Story: Te Wake, Heremia
Te Wake, Heremia
Te Rarawa leader, farmer, assessor, catechist
This biography was written by Steven Oliver and was first published in the Dictionary of New Zealand BiographyVolume 2, 1993
Heremia Te Wake belonged to Ngati Manawa, a hapu of Te Kaitutae and Te Rarawa. He was born at Te Karaka in the Hokianga district, probably in the 1830s, the son of William Hoard (known to his Maori family as Pire Hoa), a deserter from an American whaling ship, and Te Oki, a high-ranking woman of Te Rarawa. The name Te Wake came from an early incident in his life. He used to support a man crippled by arthritis, and, to encourage him to walk, would say 'wakewake' (hurry). The name Heremia (Jeremiah) came from his baptism as a Catholic, probably in the 1860s. An earlier name, Hone (John), indicates an earlier baptism, probably as a Wesleyan. In his youth he worked as a timber worker and flax cutter. He used profits from trade to establish farms for his four brothers and three sisters and their families.
In the two years before 1869 10 people were shot in land feuds and revenge killings in Hokianga. They were mostly Ngati Manawa killed by Nga Puhi. In one incident in March 1868, Te Wake led a party of Te Rarawa across Hokianga Harbour to Whirinaki where a block of land was in dispute. Nuku, a man of Ngati Kuri (who were living with Nga Puhi), was shot dead. Te Wake accepted responsibility as leader of his party, although the shot was probably fired by Te Kawau, his younger brother. Te Wake gave himself up to the authorities, expecting a reprimand, but escaped when it became apparent he was going to be tried and probably convicted. War was now imminent between Te Rarawa and Nga Puhi. Two pa were fortified at Te Karaka and shots were fired across the strait between Te Karaka and Onoke.
In June the civil commissioner, James Mackay, and chiefs from other areas came to Hokianga to mediate. Te Wake was persuaded to surrender on a promise of a fair trial. On 14 June he surrendered at Te Karaka and on 20 June was sent to Mount Eden gaol in Auckland. Once subjected to prison life he decided to escape and scaled the prison wall. After some difficulty he reached friendly territory at Kaipara Harbour and returned home. He was later pardoned after representations were made to the native minister by chiefs who believed him to be innocent, and by the MHR for Northern Maori, Frederick Nene Russell.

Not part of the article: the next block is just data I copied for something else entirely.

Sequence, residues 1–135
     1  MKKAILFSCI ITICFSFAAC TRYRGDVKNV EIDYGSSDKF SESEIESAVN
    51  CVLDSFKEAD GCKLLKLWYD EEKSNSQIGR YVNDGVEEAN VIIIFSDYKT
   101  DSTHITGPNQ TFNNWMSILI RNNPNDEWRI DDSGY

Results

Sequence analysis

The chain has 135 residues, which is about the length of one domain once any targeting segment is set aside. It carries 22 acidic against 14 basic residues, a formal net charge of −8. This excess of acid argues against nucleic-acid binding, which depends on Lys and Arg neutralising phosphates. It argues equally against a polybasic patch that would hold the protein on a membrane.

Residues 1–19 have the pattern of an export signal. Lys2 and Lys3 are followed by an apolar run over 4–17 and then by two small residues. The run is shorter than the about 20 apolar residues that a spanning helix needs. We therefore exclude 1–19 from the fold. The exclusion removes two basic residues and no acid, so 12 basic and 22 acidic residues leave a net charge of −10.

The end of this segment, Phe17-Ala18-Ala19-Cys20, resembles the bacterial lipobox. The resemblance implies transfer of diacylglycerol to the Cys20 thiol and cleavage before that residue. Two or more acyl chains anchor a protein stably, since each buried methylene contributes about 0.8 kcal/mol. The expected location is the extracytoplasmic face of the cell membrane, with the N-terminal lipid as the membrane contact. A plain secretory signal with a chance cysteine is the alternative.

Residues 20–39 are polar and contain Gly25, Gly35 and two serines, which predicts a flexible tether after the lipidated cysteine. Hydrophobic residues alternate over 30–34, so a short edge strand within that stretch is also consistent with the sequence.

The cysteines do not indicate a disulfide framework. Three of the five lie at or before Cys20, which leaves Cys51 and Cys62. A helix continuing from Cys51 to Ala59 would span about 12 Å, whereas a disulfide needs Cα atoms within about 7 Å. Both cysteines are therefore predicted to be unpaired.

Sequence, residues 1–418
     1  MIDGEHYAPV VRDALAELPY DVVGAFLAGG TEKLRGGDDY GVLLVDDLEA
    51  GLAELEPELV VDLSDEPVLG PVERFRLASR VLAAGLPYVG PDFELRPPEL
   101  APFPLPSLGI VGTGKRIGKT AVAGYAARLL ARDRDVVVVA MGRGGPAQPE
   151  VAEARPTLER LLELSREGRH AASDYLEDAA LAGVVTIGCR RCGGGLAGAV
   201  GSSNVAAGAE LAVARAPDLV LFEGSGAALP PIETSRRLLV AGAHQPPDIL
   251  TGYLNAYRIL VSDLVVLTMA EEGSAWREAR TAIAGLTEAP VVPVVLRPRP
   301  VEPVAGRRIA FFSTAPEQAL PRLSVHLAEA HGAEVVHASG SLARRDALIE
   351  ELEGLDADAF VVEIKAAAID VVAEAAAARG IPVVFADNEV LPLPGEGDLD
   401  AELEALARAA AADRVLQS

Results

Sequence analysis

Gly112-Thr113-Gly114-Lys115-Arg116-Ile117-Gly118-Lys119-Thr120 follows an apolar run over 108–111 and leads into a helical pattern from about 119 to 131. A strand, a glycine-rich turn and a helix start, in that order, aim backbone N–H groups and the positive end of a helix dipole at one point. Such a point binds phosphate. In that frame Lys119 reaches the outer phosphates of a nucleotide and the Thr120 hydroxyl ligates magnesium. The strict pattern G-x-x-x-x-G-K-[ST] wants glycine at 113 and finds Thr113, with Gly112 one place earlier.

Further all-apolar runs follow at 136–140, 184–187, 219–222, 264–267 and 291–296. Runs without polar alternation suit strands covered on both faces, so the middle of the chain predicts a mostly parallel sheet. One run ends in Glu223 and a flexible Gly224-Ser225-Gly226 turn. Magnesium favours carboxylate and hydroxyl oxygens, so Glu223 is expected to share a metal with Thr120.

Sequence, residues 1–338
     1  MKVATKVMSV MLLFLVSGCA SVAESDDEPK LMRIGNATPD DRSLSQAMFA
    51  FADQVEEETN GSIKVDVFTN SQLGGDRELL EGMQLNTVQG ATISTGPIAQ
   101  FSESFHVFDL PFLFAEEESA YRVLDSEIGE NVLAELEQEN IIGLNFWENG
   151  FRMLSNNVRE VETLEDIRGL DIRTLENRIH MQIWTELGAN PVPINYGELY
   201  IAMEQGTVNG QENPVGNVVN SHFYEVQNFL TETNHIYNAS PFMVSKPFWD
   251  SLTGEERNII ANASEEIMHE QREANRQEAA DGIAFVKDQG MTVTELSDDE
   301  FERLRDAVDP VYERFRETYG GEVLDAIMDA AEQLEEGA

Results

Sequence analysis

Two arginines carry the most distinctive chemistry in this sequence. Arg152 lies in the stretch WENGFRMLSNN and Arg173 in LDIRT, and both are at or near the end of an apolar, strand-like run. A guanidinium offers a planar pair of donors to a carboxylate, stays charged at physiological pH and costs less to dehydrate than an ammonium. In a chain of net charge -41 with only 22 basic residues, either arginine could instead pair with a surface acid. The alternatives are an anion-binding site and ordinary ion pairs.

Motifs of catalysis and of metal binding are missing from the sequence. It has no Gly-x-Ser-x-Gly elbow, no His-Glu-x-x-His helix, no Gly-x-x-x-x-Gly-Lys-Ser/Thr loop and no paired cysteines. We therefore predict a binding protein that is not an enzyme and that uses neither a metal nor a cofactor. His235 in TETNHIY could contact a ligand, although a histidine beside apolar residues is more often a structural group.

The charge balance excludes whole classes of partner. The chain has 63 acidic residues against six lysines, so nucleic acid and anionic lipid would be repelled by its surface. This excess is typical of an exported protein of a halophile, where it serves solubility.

In the years following his return Te Wake became a leader of Te Kaitutae and Ngati Manawa at Te Karaka, Whakarapa (Panguru), Waihou (Lower Waihou), Motuti and Motukauri – communities on the north side of Hokianga Harbour. He encouraged the adoption of European farming methods and improvements in housing and sanitation. He became chairman of a local school committee and mail contractor, by boat, for northern Hokianga. He was a farmer and held shares in the ownership of many land blocks in Hokianga. He sold land in 1875 and 1876 but later was against land selling. He had used the proceeds to buy livestock, and established a flour mill at Whakarapa. In 1886 he was appointed an assessor under the Resident Magistrates Act 1867. He was highly valued for his knowledge of Te Rarawa genealogy and traditions and for his commitment to the truth. He was nominated as a parliamentary candidate in the 1880s, and was a returning officer in the 1884 elections. In 1898 he was one of a number of leading Maori who helped persuade Te Mahurehure of Waima to end their revolt against the dog tax without bloodshed.
Heremia Te Wake was deeply committed to the Catholic church. He was a catechist who instructed the young. In the absence of Catholic clergy from 1873 to 1880 in Hokianga he visited settlements and led communities in prayer: Father James McDonald found Catholicism flourishing in Hokianga on his arrival in 1880. Te Wake's leadership carried over into traditional religion too. Early in the 1900s he retrieved the bones of ancestors from their caves on Panguru mountain. Other burial caves in Hokianga had been discovered by Pakeha, who had removed precious objects to the Auckland Museum. Heremia was chosen as having the mana and tapu to move and rebury the remains safely.
Te Wake's first wife was Maraea (Maraia) Topia, whom he married probably early in the 1860s. They had seven children. He later married Kare Pauro Kawatihi. Their first child was Hohepine (Whina), born in 1895; a second daughter, Heretute, was born in 1897. In 1914 Whina took a leading role in opposing the attempt of a Pakeha farmer to drain the mudflats at Whakarapa. Heremia did not want to break the law, but there was a danger that the land would be lost while he sought a legal remedy. Whina led the community in a passive resistance campaign, filling in the drainage ditches as they were dug. Although some of the participants were fined for trespass, through Heremia's representations to the local Maori MP, Te Rangi Hiroa (Peter Buck), the farmer's lease was cancelled and the mudflats remained.
Heremia's last years were marred by tension with his sons and nephews over the succession to his leadership. The community at Whakarapa was split and a second marae established. Kare Pauro died in June 1917. Heremia Te Wake died at Whakarapa on 29 November the following year in the influenza epidemic. His daughter Whina became the prominent Maori leader Whina Cooper, who launched the Maori Women's Welfare League in 1951 and organised the Maori land march of 1975.